UK: Call For Evidence Regarding Potential Reforms To Tier 1 And 2

Last Updated: 6 May 2009
Article by Caron Pope, Louise Carson and Emily Pope

Further to our communication, the Secretary of State has requested that the Migration Advisory Committee ("MAC") advise on the following issues:

  • What further changes to Tier 1 of the Points Based System should there be in 2010/11, given the changing economic circumstances?
  • Is there an economic case for restricting Tier 2 to shortage occupations?
  • What is the MAC's assessment of the economic contribution made by the dependants of the Points Based System and their role in the labour market?

A Conceptual Paper and Call for Evidence was published on 30 April.

The MAC has been asked to report on the first point by the end of October 2009 and the second and third by the end of July. Whilst they wish to respond to the economic conditions, they are mindful that they must act to 'secure the UK's long-term economic prosperity and respond to the economic upswing when it occurs'. Factors to be considered include employment, unemployment, earnings, GDP, net fiscal position, labour market flexibility, inward investment, international trade patterns and technological change.

However, it is now vital that employers mobilise themselves and lobby the MAC to ensure that their interests are represented and the valuable routes into the UK for migrant workers are preserved.

Tier 1

Tier 1 was created to attract highly skilled migrants to the UK and therefore is supply (rather than demand) focused, although can be used by employers to ensure specific individuals can come to the UK to work without the need for sponsorship.

Whilst the MAC will review all four Tier 1 categories (Entrepreneurs, Investor, Post Study Worker, General), it is likely that Tier 1 (General) and Tier 1 (Post Study Worker) are likely to be of most value to employers and they may wish to make representations as to the need for these schemes by their business.

The MAC is considering the following:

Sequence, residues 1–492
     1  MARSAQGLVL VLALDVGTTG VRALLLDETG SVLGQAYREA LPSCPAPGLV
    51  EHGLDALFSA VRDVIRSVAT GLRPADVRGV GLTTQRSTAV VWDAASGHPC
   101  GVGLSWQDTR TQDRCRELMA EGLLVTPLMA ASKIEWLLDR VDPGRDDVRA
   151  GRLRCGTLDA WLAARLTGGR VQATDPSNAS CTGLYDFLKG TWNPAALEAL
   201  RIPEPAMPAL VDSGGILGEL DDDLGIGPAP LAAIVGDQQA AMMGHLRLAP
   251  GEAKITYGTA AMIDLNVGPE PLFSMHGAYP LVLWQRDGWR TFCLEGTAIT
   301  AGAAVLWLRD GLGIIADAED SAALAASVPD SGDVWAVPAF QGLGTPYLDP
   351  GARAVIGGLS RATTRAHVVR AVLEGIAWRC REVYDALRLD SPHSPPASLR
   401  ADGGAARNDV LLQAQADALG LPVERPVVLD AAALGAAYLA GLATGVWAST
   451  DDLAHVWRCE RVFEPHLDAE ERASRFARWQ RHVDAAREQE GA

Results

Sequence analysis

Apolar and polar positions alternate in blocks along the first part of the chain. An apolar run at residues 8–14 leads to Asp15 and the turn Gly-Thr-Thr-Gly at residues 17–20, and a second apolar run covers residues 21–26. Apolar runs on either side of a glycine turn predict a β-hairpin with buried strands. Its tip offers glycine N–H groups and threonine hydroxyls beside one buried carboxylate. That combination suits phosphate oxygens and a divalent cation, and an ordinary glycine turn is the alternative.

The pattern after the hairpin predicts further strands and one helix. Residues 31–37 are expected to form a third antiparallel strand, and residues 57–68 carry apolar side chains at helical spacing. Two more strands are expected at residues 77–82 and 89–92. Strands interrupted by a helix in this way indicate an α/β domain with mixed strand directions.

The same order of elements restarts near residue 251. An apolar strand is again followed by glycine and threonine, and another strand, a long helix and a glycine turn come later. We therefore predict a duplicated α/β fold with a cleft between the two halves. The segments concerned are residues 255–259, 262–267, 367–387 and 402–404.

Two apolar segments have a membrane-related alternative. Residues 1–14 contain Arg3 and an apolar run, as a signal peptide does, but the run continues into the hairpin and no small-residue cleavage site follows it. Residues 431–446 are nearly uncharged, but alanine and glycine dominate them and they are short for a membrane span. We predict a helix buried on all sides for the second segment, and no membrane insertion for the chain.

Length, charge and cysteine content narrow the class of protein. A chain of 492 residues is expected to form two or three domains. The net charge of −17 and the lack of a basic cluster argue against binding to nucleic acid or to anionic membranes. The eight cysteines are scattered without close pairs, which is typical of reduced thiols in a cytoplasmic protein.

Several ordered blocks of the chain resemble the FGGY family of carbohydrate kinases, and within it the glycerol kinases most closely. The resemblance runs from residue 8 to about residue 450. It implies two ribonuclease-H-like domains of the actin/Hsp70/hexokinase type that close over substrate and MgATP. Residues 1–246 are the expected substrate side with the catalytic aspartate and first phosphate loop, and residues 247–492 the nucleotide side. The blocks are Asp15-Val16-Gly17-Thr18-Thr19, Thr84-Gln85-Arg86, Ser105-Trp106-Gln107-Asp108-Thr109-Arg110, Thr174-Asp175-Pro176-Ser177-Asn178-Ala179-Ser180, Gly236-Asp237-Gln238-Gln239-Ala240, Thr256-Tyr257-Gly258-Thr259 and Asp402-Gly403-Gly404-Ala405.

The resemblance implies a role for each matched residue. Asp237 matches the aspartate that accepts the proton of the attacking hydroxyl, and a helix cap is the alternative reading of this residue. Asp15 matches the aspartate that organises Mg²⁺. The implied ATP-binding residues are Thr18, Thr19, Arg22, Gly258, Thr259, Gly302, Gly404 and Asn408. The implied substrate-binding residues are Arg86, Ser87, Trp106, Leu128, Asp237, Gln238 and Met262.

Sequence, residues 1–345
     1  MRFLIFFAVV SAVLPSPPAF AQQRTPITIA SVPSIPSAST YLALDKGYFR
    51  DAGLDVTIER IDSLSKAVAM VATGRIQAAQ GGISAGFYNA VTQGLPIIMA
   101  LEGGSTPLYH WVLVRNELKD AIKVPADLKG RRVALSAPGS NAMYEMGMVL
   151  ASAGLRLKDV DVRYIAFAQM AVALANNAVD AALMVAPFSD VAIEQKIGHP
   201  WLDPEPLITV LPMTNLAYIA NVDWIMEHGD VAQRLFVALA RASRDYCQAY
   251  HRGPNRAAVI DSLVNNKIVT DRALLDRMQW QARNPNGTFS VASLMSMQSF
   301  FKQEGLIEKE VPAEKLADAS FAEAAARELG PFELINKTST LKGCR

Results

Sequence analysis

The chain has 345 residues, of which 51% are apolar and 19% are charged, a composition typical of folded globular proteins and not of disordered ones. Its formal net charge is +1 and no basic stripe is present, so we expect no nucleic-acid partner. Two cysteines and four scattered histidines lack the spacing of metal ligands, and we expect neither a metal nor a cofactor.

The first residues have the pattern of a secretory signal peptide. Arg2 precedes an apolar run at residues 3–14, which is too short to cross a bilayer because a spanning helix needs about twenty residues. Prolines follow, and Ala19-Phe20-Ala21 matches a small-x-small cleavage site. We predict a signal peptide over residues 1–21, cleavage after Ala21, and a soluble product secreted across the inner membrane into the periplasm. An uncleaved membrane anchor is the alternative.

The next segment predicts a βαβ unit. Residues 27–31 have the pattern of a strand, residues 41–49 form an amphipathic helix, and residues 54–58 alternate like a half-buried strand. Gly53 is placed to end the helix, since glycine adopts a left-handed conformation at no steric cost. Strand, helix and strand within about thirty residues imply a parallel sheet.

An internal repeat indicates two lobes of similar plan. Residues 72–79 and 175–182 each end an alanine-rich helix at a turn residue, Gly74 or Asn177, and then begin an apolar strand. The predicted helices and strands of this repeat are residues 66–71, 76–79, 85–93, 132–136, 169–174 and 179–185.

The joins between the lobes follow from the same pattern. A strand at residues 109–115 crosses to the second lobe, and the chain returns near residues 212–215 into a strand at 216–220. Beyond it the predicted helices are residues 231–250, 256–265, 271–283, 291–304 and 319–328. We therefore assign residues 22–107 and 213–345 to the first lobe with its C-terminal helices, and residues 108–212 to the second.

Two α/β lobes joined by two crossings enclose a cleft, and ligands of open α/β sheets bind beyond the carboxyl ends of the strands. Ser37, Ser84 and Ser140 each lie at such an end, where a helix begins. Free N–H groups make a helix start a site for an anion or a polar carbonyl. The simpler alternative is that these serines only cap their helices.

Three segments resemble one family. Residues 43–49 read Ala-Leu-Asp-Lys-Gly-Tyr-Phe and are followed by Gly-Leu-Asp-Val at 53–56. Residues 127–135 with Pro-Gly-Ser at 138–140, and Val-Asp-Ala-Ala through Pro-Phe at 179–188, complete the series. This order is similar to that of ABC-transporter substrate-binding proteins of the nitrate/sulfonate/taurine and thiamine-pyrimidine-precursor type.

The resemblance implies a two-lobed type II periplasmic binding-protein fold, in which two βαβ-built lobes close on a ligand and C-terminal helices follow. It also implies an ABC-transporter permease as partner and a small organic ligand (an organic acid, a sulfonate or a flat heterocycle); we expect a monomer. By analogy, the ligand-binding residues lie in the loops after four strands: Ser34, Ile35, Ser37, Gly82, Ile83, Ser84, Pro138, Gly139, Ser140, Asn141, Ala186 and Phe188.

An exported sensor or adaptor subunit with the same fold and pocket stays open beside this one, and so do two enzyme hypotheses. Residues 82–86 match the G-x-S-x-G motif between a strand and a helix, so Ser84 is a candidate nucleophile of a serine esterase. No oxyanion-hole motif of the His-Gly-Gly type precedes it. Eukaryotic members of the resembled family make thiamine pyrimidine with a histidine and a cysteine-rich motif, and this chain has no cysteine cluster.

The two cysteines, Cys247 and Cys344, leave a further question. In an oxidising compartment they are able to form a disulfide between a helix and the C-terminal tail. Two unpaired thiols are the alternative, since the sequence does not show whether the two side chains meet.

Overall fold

• Changing the pass mark from 75 points
  • Changing the requirements by adding new ones or removing existing ones
  • Changing the number of points awarded for each requirement
  • Altering leave to remain durations

In particular, the MAC require evidence on the following:

  • How, if at all, should the points and/or leave to enter or remain entitlements be adjusted or changed in 2010/11 to respond to current and future changes in economic and labour market conditions?
  • In what sectors do Tier 1 (General) and (Post Study Workers) migrants work and why?

Tier 2

Tier 2 (the tier under which migrants are sponsored) will also be revisited. The MAC recognise that the UK must be responsive to employer demand however they will be considering arguments for against:

  • closing the Tier 2 (General) and Tier 2 (ICT)
  • introducing new requirements for Tier 2 (General) and Tier 2 (ICT)
  • altering the points criteria for Tier 2 (General) and Tier 2 (ICT)
  • altering the leave entitlements

As broad policy questions, they request submissions to answer the following questions:

  • Does the current allocation of points by entry route achieve the right balance between the relative difficulties of entering the UK via each route?
  • Should the current length of leave to enter or remain entitlement by entry route be altered to reflect relative shortages, and their likely duration, by occupation?